Afghanistan: Government drops controversial media law amendment

The proposed amendments to Afghanistan’s media law introduced to Parliament in June has been dropped following strong criticisms from Afghanistan’s media. The International Federation of Journalists (IFJ) and its affiliate the Afghan Independent Journalists Association (AIJA) welcome the withdrawal of the controversial amendment to the media law.

Afghanistan National Assembly. Credit: State Ministry for Parliamentary Affairs

The amendment initially introduced into Parliament in June sought to restrict media outlets and investigative reporting, providing security agencies with access to sources of media reports. On June 20, Afghanistan’s Upper House of Parliament opposed the proposed amendment. The government withdrew the bill on June 24. In an open letter to Afghanistan’s president Ashraf Ghani, media outlets and institutions voiced their opposition to the amendments.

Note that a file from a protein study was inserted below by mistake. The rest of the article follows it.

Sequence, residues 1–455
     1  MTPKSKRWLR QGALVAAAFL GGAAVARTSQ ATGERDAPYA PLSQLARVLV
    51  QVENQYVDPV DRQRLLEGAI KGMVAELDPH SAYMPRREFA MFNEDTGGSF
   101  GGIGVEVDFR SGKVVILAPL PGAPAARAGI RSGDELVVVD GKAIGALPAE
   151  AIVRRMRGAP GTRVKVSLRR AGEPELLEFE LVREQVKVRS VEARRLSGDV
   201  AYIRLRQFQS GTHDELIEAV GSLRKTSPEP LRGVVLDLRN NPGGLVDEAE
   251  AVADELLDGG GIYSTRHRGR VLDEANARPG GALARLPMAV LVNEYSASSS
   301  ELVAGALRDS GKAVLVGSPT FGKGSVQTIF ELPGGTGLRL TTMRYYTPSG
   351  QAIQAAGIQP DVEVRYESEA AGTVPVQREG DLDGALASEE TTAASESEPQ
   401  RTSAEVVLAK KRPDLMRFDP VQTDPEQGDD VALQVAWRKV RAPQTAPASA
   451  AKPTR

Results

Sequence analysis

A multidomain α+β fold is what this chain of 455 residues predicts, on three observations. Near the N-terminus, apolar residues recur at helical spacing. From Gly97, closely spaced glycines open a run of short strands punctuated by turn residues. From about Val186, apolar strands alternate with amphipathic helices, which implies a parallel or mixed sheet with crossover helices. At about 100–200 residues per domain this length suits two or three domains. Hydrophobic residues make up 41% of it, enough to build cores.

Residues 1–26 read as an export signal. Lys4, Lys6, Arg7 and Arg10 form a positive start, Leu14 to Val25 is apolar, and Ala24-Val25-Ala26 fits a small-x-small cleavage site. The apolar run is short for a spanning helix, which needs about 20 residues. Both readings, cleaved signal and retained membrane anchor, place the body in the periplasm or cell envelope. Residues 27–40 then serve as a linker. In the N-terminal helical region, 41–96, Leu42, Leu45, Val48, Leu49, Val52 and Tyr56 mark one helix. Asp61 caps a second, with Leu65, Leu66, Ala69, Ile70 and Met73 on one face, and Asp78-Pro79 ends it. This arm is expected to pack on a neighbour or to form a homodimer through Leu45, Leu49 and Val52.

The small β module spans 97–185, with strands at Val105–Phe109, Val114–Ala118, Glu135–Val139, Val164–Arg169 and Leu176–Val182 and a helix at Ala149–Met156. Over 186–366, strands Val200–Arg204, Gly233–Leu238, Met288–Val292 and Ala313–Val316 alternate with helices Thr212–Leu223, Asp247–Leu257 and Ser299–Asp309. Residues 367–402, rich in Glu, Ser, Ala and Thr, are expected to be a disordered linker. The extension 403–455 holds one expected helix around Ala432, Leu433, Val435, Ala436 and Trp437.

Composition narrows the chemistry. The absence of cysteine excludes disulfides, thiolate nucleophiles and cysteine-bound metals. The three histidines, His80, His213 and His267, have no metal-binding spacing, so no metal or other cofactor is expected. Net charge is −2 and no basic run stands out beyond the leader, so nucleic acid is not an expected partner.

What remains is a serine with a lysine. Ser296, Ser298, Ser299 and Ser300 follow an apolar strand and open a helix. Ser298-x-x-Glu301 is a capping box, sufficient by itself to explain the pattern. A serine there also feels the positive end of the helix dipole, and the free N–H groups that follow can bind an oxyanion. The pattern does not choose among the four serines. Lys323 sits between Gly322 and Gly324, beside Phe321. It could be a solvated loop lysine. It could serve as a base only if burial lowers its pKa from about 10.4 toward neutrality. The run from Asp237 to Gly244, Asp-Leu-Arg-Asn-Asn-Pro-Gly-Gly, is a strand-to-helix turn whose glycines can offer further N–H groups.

The government formed a committee to begin consultation with media outlets for the amendment of Afghanistan’s media law after it was proposed, but the committee vetoed the amendment.

AIJA said: “Afghanistan Independent Journalists Association welcomes the veto. The current media law is a comprehensive law that does not need serious amendment.”

The IFJ said: “The IFJ welcomes the positive outcome on this consultation that followed the media’s guidance and inputs. The IFJ hopes the government will continue to work collaboratively with media workers to promote press freedom and the rights of working journalists.”

For further information contact IFJ Asia - Pacific on ifj@ifj-asia.org

The IFJ represents more than 600,000 journalists in 140 countries

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